The use of the Medicine Wheel, and it’s four compass points, in the spiritual and healing practice of the indigenous peoples of the western hemisphere of Earth stretches back at least 5000 years (Vulcan County, Alberta & Big Horn County, Wyoming1,5). The use of the Medicine Wheel probably extends back many thousands of years before that, into antiquity. This is actually the traditional and original “western medicine” – a knowledge and practice almost lost to those of us living today. Although some of the details of different tribes’ medicine wheels like the animal archetypes for each direction differ from North, to Central to South America, the major concepts appear similar.
MIND & EMOTIONS
Each direction is associated with one of the four energetic bodies that make up the human energy field: the particle or physical world (the body), the realm of emotions and thoughts (the mind), the realm of myth (the soul), and the world of spirit (energy). In North America, the Lakota Sioux also associate each direction with the time of day, the time of year, and the time of life3. For many thousands of years the shamans of the Americas have used each direction of the Medicine Wheel as interdependent doorways to unique perceptual levels, or states, in order to recover an individual’s true essence, personal power, energy, and inner wisdom for healing. The Laika people, isolated in the Peruvian Andes Mountains, seem to have a well-preserved and undistorted record of the use and meaning of their Medicine Wheel2. Thus, their version is central in our Earthkeeping, Integrative and Holistic Medicine practice.
The realm of emotions and thoughts (the mind) is associated with the WEST direction and is represented by the JAGUAR archetype2. In North America, the Lakota Sioux word for the west direction is Wiyopeyata, and is associated with evening, autumn, and adulthood. The American Jaguar, Panthera onca, once ranged from across the southern United States down to the tip of South America, but now due to habitat loss, they are mainly found in the remote Amazon jungle. Within the United States a few may still live in the mountains of Arizona and New Mexico. Jaguars are strong, powerful animals; walking, running, swimming, jumping, climbing, sleeping, hunting and even being perfectly still with great balance and grace. Both day and night vision are keen. They are fearless, physically explosive, apex animals inhabiting the jungles and forests of the Americas.
The word Jaguar comes from the Native American word “yaguar” which means “he who kills with one leap”. For the indigenous peoples of southwestern United States, Mexico, and South America, Jaguar represents the healing power of fearlessness. The perceptual state here is that nothing is exactly as it appears to be. This archetype journeys and can track through the darkest domains beyond death and back, revealing that death is part of life, not to be feared, and not the end of our being. Jaguar medicine can also provide sudden leaps of clarity, especially when dealing with complex situations and confusing landscapes in our lives. Jaguar brings us the curiosity and courage to boldly explore, as well as the certainty that life will provide us with everything that we need.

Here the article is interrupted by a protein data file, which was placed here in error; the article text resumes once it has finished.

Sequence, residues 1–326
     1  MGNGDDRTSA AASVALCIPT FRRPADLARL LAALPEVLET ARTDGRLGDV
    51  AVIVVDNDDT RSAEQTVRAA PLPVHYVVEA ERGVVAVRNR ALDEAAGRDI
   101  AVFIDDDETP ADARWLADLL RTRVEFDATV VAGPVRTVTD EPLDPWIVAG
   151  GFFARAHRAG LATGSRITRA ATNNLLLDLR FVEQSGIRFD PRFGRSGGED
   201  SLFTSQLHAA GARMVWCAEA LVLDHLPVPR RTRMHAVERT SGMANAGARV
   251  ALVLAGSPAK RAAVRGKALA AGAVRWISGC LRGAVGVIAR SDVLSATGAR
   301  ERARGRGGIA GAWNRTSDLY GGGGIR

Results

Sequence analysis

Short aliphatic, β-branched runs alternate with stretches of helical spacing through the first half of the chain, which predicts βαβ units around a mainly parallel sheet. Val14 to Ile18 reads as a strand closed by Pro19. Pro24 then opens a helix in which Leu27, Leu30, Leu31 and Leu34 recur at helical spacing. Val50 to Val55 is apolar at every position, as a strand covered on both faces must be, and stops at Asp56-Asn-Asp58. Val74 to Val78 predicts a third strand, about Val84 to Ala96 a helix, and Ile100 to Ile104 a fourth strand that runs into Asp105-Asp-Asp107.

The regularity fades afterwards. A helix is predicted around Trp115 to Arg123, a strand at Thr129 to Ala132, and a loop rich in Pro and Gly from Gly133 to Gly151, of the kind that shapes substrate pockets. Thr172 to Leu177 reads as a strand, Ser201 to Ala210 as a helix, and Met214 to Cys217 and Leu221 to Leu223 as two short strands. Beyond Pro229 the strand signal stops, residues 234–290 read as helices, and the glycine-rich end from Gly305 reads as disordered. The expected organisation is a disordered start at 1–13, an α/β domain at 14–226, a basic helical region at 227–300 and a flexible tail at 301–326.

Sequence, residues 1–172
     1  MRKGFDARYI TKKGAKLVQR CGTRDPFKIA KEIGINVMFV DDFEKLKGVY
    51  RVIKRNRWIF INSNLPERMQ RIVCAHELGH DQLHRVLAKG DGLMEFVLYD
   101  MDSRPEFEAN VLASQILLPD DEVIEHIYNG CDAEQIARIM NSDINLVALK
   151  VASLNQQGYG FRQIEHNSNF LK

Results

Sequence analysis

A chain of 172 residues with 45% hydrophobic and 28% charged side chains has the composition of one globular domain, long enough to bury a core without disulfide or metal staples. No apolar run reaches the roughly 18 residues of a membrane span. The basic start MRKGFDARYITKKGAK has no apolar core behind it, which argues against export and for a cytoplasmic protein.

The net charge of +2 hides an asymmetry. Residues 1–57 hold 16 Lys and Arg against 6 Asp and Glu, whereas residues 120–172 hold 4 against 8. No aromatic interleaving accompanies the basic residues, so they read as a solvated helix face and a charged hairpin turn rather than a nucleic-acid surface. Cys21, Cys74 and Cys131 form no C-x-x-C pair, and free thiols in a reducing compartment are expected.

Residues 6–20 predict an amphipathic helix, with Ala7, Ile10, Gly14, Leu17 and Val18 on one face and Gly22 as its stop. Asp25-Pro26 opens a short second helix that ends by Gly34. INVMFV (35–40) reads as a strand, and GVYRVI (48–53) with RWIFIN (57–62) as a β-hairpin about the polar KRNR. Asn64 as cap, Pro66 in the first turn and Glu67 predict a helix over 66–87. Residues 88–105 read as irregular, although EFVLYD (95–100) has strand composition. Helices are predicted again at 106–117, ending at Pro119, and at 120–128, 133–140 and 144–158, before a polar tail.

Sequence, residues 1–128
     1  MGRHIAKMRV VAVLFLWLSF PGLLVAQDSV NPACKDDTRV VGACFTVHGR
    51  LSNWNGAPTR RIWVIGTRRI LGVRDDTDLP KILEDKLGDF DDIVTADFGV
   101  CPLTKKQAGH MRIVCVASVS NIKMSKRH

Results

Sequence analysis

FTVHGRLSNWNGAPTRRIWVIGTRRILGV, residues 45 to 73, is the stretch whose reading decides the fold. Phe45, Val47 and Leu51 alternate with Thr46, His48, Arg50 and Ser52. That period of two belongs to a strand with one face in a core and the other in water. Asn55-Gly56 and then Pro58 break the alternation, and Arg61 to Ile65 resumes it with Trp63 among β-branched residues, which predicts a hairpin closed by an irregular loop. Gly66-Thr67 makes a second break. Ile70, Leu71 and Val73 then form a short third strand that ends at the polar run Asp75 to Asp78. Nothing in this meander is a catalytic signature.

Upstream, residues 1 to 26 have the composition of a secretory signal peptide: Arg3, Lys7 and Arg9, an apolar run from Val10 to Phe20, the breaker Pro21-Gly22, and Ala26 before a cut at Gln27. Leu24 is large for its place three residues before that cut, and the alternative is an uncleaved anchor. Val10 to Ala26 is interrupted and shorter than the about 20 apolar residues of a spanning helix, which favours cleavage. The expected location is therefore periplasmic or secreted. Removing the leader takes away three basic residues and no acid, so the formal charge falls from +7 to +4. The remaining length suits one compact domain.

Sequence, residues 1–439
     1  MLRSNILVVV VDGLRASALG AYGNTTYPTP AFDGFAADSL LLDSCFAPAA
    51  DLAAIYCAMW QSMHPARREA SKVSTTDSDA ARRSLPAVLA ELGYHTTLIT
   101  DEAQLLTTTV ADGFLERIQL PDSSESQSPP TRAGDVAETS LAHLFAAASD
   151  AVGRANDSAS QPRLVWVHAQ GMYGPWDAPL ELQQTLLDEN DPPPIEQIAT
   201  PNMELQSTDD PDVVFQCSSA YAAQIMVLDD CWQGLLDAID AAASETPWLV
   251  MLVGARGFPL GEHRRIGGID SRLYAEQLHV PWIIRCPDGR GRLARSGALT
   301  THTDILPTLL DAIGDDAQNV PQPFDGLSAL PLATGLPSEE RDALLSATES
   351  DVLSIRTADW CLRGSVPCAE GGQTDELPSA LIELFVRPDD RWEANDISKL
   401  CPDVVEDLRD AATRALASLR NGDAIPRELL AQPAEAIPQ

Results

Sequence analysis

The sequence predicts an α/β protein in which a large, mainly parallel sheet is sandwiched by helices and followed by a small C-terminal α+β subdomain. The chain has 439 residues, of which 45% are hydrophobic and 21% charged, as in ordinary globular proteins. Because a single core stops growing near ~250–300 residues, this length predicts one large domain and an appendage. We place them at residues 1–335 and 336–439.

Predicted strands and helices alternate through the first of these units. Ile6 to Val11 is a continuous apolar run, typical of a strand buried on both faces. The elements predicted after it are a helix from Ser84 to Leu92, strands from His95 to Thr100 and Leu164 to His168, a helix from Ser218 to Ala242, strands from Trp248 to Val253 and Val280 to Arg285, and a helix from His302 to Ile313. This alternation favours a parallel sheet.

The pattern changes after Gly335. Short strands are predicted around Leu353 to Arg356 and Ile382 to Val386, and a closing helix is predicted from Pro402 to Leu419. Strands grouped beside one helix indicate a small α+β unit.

The Four Teachings of the West are: Fearlessness, Non-Doing, Certainty, and Non-Engagement2. Because anger and violence are rooted in fear, letting go of fear allows us to approach people and situations with love instead. Discover the power of just observing the way the universe and events are flowing. Observe the energy of what wants to happen in each moment. Also, know what needs to be done and when. Have no other option but success. Don’t allow yourself to get dragged down into drama, and give up the need to always be “right”. – Alberto Villoldo, PhD
Understand that all of the four directions have some crossover and interdependence. Please refer to related articles below with the Jaguar icon. These look at healing from the JAGUAR’S perspective of the mind and our emotional energy states.
- Scherrer, D, “Native American Medicine Wheels”; Stanford Univ. 2015 & “Medicine Wheel / Medicine Mountain National Historic Landmark”; Wyoming State Historic Preservation Office (SHPO Website) 2017
- Four Winds Society, Light Body School, Shamanic Energy Medicine Training March / April 2017 For example, among indigenous South American Andean people, the Condor is the archetype for the East instead of the Eagle in North America, but both embody keen vision, mastery of the heavens and connection to the Great Spirit
- Oklevueha Native American Church Membership Orientation 2016. For example, in many indigenous North American groups, the Bear is the archetype for the West instead of the Jaguar in South America, but both embody fearlessness as a core attribute.
- Andean Cosmic Vision Apprenticeship 2003 – Current
- Freeman, G; “Hidden Stonehenge” Book, Watkins Publishing, (2012)
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